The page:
February 20, 2019
SEC Proposes “Test the Waters” For All Companies
Yesterday, the SEC issued this 76-page proposing release would expand the “test-the-waters” accommodation from EGCs to all companies, including investment companies. Here’s the SEC’s press release – we’ll be posting memos in our “Securities Act Reform” Practice Area as they come in (and here’s Steve Quinlivan’s blog and this MarketWatch article).
With this proposal, the SEC seeks to allow all companies to benefit from all the changes that the JOBS Act gave EGCs. Some of the JOBS Act benefits had already been widely available, as Corp Fin opened up the confidential filing process to all companies two years ago. If this proposal is adopted, the “testing-the-waters” part of the JOBS Act will also be extended to a broader range of companies. There’s a 60-day comment period.
Nasdaq Clarifies “Direct Listing” Rule Change
Recently, John blogged about high-profile companies starting to use the “direct listing” route to go public rather than the traditional IPO path. This type of offering was facilitated by the NYSE changing its rules last year to permit a direct listing.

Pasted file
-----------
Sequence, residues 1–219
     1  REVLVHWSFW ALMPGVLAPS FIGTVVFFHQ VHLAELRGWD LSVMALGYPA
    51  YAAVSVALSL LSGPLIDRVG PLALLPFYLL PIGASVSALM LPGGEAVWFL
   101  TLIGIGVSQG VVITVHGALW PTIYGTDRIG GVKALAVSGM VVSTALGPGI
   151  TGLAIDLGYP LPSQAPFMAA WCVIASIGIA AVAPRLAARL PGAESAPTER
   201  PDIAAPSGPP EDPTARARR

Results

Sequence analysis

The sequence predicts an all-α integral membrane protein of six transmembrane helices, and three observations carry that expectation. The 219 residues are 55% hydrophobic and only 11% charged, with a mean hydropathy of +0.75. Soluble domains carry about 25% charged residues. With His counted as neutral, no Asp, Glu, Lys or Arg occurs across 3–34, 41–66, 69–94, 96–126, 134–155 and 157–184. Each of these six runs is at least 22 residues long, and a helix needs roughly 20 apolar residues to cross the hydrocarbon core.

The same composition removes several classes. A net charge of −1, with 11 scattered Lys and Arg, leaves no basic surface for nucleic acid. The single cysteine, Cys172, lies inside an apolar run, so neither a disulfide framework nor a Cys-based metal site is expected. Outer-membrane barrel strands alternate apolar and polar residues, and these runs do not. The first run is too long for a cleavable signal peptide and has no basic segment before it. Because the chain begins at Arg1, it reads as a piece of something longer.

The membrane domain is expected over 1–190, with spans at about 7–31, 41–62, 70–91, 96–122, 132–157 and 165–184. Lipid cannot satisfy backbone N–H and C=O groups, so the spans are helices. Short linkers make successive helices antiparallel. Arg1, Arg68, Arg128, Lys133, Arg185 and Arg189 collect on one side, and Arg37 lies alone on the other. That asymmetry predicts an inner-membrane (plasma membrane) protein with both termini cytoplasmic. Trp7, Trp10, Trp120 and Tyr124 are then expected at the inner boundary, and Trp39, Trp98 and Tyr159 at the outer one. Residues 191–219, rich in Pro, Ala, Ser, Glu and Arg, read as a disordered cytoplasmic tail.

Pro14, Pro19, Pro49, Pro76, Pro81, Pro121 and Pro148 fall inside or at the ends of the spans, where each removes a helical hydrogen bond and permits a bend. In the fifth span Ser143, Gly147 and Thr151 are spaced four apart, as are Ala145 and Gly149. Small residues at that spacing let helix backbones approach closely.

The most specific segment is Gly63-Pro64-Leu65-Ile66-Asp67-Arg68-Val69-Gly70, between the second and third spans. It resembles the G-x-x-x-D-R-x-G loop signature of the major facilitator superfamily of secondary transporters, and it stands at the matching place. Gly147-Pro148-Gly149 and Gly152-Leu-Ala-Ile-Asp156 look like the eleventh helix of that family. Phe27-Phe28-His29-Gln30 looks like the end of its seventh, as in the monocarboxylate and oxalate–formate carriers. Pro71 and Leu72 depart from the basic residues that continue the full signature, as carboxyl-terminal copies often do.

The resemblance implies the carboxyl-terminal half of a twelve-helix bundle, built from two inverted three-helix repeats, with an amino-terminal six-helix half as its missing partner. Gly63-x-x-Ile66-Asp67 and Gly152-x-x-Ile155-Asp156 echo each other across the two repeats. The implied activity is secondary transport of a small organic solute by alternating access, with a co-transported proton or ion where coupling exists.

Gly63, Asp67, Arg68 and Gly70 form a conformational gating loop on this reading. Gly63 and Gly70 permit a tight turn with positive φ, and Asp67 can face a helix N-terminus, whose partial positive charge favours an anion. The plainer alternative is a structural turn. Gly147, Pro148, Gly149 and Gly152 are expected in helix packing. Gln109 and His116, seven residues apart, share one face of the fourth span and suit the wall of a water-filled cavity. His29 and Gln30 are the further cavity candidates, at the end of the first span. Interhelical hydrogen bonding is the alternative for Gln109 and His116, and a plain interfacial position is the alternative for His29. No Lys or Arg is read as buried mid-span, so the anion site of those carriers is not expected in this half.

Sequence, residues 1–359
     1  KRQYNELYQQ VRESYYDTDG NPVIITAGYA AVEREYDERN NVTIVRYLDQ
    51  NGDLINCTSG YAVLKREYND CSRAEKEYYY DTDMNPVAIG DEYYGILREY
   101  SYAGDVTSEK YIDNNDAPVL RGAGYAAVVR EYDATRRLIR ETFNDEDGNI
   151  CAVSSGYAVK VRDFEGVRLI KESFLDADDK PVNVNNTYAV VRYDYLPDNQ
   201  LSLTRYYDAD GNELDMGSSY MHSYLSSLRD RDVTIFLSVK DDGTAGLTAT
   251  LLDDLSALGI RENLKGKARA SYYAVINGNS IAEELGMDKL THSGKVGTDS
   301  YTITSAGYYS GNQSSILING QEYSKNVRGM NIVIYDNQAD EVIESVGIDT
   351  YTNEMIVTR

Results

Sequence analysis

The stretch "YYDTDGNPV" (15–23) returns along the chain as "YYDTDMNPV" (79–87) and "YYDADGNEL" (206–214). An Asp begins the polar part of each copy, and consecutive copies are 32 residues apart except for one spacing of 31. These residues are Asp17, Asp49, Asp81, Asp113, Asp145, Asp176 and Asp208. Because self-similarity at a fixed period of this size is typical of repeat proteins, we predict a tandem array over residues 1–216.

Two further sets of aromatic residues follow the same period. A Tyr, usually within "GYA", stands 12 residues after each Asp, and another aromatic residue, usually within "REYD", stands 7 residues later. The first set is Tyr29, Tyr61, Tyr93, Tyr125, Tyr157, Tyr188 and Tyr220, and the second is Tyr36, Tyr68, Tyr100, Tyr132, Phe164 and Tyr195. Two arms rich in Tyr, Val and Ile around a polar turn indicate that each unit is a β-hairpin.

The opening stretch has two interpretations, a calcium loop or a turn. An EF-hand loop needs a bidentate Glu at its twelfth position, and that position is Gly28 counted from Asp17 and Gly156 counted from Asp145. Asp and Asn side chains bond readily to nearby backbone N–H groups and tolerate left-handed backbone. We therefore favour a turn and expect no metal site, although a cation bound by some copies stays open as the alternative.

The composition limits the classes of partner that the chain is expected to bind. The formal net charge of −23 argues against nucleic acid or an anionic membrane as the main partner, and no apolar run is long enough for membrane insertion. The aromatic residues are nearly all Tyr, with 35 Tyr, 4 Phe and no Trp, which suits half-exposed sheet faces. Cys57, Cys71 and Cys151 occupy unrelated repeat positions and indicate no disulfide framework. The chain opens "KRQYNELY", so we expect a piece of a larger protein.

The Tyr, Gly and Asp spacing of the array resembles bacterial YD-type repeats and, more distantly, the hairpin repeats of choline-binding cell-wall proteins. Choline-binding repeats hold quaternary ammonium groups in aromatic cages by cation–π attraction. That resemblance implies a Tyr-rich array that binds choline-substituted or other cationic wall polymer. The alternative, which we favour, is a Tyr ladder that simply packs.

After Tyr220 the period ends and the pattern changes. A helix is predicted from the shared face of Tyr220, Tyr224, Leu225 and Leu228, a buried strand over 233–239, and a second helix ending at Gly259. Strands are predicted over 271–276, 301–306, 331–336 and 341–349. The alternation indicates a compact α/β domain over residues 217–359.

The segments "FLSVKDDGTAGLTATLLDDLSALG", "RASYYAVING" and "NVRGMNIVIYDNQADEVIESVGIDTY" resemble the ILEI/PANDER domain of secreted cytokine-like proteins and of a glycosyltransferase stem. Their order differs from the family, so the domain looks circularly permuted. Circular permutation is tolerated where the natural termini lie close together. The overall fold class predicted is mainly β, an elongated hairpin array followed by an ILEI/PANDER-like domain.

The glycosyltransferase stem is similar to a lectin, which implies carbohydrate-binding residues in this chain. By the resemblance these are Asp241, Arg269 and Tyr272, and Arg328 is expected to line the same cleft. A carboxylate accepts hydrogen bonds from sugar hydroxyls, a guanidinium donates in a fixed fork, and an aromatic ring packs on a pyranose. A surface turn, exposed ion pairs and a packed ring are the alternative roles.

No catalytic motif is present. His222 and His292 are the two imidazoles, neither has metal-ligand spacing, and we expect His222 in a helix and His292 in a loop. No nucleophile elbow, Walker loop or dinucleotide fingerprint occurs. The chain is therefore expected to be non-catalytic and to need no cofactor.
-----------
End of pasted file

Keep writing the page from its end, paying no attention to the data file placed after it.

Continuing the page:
As noted in this Steve Quinlivan blog, Nasdaq recently filed an immediately effective rule proposal with the SEC that clarifies how the process works for direct listings on that exchange without an IPO. Over the years, there have been a handful of direct listings on Nasdaq…
Internal Controls: Some EGCs Might Get Their 404(b) Exemptions Extended
Here’s the intro from this blog by Cooley’s Cydney Posner:
A bipartisan group of senators has introduced a new bill, the ‘Fostering Innovation Act of 2019’ (S. 452), that would amend SOX to provide a temporary exemption from the auditor attestation requirements of Section 404(b) for low-revenue issuers, such as biotechs. The bill is designed to help those EGCs that will lose their exemptions from SOX 404(b) five years after their IPOs, but still do not report much revenue. For those companies, proponents contend, the auditor attestation requirement is time-consuming and expensive, diverting capital from other critical uses, such as R&D.
According to the press release, the bill would provide “a very narrow fix that temporarily extends the Sarbanes-Oxley Section 404(b) exemption for an additional five years for a small subset of EGCs with annual average revenue of less than $50 million and less than $700 million in public float.”
– Broc Romanek